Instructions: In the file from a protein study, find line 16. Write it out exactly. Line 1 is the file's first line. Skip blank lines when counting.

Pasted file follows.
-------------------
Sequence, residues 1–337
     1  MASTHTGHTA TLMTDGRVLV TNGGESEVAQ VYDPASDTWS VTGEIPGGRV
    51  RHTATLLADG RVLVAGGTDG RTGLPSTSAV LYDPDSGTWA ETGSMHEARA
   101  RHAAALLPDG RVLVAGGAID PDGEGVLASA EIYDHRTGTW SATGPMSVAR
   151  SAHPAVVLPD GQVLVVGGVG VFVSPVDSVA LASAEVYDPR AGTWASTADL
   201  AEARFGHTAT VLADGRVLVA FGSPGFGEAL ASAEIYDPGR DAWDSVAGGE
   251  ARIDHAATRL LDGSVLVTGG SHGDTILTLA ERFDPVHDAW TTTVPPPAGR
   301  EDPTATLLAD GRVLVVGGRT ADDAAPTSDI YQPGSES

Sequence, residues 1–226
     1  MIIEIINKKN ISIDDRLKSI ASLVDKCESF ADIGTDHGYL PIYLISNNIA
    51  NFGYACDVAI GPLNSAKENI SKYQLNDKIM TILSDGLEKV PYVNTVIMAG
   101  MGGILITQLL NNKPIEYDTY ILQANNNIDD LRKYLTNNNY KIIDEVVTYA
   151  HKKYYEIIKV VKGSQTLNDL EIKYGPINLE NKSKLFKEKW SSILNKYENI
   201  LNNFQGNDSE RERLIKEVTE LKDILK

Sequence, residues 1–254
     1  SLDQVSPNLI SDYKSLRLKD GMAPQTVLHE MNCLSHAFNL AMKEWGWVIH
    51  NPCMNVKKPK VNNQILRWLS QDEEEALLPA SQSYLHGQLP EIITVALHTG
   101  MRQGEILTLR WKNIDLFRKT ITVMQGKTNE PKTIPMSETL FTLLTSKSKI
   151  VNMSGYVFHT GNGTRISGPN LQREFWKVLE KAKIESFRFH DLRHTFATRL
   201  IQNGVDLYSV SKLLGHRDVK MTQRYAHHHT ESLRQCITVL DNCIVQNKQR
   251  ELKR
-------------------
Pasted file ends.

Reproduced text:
     1  SLDQVSPNLI SDYKSLRLKD GMAPQTVLHE MNCLSHAFNL AMKEWGWVIH